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Science Communication

Newscripts

Chemistry lessons from kids’ books and sneakers

by Prachi Patel
April 18, 2024 | A version of this story appeared in Volume 102, Issue 12

 

Chemistry adventures

Woman holding children's picture books in her hands with rocks in the background.
Credit: Erin Joy Araneta
On a quest: Erin Joy Araneta wants to promote curiosity and diversity with her children’s book series.

Aside from the laboratory, the outdoors is Erin Joy Araneta’s favorite place to be. When the pandemic hit, she found herself with more time to hike, paddle, and rock climb . . . and to reflect. Chemistry was at work all around her— in the water, air, and rocks. How could she foster children’s natural curiosity about it?

“I wanted to help kids see how cool chemistry is,” says Araneta, a chemistry graduate student at the University of Southern California.

As the idea of a book aimed at her 6-year-old cousin—who she describes as “a very spicy girl”—took shape in her mind, she knew the nerdy male stereotype of chemists needed to go. “I wanted a fun, bubbly character who’s relatable,” she tells Newscripts.

And so, Chemist Clara was born. Think Dora the Explorer but with a backpack and brain full of chemistry tools and tricks to explain the world around her and solve problems.

In 2021, Araneta self-published Chemist Clara Paints the Lake, her first book in the Adventures of Chemist Clara series. The story begins: “Chemist Clara is a creative and curious scientist. She loves painting and chemical reactions!” It sold well, and with the help of money from the University of California, Irvine (UCI) through the Student Startup Fund and some funds raised on Kickstarter, she has now authored and published four more. In one book, Clara goes to Mars and converts carbon dioxide to oxygen. In another, she discovers how the body processes sugar. Two upcoming books will dive into the chemistry of rock colors and neural circuits.

Chemist Clara’s namesake is Filipina chemist Clara Lim-Sylianco, who studied mutagens and bioorganic mechanisms. When Araneta was growing up in the Philippines, she found chemistry “fascinating and fun” but did not understand its applications. After her family moved to the US, she tried nursing school before switching to a bachelor’s degree program in chemistry at UCI. She now studies carbon dioxide conversion and writes books.

As a reader, she enjoys self-help books, adventure books, and memoirs. No science fiction for her, she says. “I read enough science for work.” Her recent fave? Wild: From Lost to Found on the Pacific Crest Trail by Cheryl Strayed, a memoir about the author’s 1,100-mile hike as a journey of self-discovery.

In future books, Araneta wants to dive deeper into lessons about “being honest with yourself, finding what you truly love, and facing your fears.”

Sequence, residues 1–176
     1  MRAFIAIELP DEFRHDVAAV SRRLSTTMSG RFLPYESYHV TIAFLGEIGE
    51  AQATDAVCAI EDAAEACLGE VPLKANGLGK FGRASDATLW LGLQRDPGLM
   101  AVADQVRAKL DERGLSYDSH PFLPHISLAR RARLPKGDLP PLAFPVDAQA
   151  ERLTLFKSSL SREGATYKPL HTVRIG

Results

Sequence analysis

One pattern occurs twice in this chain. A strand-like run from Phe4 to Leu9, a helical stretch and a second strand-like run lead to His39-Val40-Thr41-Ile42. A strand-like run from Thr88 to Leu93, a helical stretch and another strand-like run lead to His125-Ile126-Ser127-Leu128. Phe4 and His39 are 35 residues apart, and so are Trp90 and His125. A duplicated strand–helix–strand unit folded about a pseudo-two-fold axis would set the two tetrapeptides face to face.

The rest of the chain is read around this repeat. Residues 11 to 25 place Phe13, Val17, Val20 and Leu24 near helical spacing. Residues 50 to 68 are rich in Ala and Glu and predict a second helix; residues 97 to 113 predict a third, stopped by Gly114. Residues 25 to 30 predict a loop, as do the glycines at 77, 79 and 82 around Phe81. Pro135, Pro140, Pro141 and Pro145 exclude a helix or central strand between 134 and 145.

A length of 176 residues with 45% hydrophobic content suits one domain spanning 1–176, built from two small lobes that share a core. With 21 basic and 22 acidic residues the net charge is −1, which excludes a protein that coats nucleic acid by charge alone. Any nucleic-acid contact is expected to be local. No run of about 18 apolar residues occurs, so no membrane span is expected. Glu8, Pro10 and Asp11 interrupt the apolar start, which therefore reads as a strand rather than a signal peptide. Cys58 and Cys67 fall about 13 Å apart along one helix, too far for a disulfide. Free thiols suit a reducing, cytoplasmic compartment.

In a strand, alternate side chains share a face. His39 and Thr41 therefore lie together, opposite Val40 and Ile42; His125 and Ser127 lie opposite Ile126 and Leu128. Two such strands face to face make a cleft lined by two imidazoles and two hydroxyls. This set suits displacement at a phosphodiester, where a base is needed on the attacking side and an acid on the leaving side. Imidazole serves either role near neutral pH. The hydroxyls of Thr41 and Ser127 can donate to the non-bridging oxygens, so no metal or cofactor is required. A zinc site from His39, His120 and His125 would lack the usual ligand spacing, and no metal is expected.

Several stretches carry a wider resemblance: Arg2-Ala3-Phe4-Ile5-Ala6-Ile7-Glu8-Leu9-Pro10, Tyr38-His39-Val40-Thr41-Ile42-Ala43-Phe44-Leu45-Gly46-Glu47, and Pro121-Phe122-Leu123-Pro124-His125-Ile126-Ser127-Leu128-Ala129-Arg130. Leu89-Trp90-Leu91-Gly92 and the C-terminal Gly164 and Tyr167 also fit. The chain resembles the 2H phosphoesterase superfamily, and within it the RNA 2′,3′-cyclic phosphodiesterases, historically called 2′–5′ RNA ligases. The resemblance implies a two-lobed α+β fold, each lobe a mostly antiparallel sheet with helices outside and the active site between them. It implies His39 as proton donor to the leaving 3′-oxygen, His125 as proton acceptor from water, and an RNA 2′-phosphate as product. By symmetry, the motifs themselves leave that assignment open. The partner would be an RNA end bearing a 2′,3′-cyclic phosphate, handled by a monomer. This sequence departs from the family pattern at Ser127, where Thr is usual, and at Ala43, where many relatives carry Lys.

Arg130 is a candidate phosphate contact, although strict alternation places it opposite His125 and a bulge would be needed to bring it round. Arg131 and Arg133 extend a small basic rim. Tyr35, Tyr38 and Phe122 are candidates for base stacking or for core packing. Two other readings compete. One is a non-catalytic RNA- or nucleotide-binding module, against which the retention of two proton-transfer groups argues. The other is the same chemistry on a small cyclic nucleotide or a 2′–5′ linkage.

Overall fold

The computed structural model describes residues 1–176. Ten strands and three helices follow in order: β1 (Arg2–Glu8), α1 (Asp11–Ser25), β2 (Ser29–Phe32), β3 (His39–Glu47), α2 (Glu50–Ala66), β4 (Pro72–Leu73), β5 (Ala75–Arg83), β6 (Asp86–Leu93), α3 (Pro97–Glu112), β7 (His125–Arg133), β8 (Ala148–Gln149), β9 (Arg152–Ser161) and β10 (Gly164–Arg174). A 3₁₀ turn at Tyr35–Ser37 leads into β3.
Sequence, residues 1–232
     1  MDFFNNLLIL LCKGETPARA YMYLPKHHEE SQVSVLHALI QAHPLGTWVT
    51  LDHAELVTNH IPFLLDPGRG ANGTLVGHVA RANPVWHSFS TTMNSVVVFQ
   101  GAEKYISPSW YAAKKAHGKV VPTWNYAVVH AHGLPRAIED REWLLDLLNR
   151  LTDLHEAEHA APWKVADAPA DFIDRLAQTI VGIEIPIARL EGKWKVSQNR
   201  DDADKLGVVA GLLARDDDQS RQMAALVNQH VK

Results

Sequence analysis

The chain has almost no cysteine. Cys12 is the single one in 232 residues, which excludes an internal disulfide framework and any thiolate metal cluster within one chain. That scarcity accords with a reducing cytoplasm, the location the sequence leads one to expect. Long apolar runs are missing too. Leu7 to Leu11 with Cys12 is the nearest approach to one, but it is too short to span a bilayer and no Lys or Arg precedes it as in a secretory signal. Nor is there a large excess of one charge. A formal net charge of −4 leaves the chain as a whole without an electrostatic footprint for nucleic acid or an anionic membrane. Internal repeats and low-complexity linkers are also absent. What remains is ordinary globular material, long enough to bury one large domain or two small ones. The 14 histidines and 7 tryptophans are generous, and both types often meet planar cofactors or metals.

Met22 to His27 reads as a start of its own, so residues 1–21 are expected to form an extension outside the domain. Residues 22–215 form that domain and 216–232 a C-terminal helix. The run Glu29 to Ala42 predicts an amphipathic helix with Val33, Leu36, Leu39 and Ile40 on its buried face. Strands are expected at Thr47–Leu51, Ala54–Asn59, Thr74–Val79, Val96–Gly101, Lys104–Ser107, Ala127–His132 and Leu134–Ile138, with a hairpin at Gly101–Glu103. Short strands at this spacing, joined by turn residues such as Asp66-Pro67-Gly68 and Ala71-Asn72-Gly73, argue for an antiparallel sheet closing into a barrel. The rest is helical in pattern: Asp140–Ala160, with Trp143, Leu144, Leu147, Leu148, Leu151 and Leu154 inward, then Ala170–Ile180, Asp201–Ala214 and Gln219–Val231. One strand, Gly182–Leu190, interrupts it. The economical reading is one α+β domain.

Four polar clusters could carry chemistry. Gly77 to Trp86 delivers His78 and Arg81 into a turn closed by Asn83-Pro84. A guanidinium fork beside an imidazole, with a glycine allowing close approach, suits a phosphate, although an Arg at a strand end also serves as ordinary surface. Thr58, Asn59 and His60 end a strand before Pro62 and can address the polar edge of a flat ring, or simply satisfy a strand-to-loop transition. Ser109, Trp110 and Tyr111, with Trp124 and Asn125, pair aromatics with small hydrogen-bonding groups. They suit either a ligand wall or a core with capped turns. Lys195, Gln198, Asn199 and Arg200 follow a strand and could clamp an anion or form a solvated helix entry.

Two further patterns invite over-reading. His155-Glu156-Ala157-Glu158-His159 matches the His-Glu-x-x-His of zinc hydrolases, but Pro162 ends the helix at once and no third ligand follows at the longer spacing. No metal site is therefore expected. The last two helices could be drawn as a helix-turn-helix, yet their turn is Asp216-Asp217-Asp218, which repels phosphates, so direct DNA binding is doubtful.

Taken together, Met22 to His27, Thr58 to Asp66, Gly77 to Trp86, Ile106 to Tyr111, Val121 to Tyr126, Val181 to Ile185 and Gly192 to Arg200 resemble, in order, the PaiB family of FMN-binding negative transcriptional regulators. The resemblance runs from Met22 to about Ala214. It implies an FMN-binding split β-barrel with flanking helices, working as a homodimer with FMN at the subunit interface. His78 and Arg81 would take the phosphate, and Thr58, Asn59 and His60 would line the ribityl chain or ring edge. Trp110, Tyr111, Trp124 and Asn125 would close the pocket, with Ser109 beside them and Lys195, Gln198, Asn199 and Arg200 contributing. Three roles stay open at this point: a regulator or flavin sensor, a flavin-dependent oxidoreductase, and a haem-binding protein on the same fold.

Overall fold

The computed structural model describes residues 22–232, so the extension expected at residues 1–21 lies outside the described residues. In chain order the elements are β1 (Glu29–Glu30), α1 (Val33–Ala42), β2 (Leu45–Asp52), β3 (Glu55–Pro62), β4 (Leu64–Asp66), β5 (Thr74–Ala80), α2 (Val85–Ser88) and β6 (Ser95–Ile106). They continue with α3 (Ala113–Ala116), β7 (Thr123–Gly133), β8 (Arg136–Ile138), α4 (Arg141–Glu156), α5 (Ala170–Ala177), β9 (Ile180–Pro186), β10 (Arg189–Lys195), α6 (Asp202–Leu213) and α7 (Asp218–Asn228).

Sneaking in a chemistry lesson

Woman in laboratory protective clothing standing and talking behind a table that holds lab equipment and sneakers.
Credit: Lauren Wilson
Full STEAM ahead: Connecting chemistry with sneaker and hip-hop culture comes naturally to Jakyra Simpson.

Speaking of nerdy scientist stereotypes, Bill Nye the Science Guy was Jakyra Simpson’s favorite show as a kid growing up in the small Pennsylvania city of York. Her first chemistry class in high school “just made sense—all the dots connected,” she says.

But she struggled during her bachelor’s and master’s studies in chemistry at Indiana University of Pennsylvania and Indiana University Bloomington, respectively. As a Black woman of Filipino descent, not much in her classrooms represented her or her culture. She felt unmoored, an imposter.

So she took matters into her own hands—or feet, as it may be. “I’ve always loved sneakers,” she tells Newscripts. Through STEAM Sneakerheadz, an education business Simpson launched last year, she now teaches chemistry using hip-hop and sneaker cultures with a dash of art.

In her hands-on workshops, kids learn about the materials chemistry of sneakers—their rubber soles, foam midsoles, leather uppers, and natural and synthetic dyes. Attendees also get to toy with polyurethane foams or create their own dyes to make sneaker art.

Through the chemistry workshops, Simpson encourages people to be their authentic selves. After a recent high school workshop, two girls ran up to her crying and gave her a hug, sharing that they had never seen or met a Black chemist. “Me being true to myself, being who I am, really inspired them,” she says. “If you would’ve told me years ago that I was going to be the Black female Bill Nye, I would’ve laughed in your face.”

CORRECTION:

This story was updated on April 24, 2024, to correct where Jakyra Simpson worked on her master's degree. It was Indiana University Bloomington, not Indiana University of Pennsylvania.

Please send comments and suggestions to newscripts@acs.org.

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